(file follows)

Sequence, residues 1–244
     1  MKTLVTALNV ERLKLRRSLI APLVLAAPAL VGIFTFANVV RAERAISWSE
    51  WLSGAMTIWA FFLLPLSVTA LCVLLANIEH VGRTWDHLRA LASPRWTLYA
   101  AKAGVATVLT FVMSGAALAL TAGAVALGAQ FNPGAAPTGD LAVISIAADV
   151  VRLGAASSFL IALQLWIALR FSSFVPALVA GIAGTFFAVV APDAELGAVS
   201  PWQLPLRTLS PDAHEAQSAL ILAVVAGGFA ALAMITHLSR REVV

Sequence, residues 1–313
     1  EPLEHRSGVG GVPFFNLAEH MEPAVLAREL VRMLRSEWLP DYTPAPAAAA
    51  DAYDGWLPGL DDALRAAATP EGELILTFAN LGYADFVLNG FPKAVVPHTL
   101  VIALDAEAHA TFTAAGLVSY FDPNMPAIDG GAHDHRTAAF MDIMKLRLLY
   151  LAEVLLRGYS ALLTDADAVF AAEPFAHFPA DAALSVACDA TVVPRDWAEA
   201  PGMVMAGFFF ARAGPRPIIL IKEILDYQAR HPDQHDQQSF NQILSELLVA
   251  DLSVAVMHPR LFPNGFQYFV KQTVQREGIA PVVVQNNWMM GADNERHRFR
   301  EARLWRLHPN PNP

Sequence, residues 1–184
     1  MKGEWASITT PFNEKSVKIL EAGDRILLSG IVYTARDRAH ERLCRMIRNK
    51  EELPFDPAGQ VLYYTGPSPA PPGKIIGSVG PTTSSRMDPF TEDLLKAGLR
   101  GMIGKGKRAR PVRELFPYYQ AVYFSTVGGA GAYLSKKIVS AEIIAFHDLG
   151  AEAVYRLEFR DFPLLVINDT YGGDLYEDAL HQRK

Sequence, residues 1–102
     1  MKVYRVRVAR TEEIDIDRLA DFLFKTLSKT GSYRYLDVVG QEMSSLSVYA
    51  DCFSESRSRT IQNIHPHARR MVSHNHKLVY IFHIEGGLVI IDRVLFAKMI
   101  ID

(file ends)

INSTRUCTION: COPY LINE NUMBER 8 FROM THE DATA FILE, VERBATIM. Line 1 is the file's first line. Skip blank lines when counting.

     1  EPLEHRSGVG GVPFFNLAEH MEPAVLAREL VRMLRSEWLP DYTPAPAAAA